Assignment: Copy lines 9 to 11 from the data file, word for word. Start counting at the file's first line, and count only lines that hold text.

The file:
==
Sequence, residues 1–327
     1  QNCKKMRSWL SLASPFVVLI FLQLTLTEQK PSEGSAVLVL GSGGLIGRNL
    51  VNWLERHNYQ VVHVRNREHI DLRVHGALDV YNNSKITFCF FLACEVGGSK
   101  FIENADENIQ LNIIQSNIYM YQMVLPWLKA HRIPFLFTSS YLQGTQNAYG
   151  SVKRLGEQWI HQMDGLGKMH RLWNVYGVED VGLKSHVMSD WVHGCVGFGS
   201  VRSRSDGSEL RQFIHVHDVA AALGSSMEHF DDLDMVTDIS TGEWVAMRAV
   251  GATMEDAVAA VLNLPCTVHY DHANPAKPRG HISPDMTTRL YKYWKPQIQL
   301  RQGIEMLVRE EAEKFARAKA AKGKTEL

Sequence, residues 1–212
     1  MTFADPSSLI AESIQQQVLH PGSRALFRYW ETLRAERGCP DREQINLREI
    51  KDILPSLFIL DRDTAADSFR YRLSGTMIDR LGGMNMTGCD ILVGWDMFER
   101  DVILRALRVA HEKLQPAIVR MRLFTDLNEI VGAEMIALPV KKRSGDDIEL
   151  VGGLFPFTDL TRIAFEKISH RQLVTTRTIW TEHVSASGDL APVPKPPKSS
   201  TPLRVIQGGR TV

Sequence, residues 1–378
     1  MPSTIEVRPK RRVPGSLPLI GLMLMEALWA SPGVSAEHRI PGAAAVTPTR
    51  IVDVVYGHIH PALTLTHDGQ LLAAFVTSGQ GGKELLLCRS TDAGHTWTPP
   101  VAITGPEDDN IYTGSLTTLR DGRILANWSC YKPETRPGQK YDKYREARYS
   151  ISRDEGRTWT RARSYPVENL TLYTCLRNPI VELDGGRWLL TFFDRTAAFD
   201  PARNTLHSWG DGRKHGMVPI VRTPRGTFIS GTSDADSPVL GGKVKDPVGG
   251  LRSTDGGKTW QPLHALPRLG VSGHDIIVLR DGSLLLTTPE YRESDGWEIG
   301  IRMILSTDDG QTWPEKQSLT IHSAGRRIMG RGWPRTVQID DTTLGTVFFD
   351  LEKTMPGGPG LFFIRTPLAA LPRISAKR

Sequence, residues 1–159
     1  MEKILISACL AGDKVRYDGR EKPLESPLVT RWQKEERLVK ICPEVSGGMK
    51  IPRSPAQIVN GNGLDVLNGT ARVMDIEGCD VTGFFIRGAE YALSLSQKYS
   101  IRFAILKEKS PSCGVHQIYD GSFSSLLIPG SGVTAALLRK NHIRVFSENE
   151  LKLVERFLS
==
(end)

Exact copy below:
Sequence, residues 1–212
     1  MTFADPSSLI AESIQQQVLH PGSRALFRYW ETLRAERGCP DREQINLREI
    51  KDILPSLFIL DRDTAADSFR YRLSGTMIDR LGGMNMTGCD ILVGWDMFER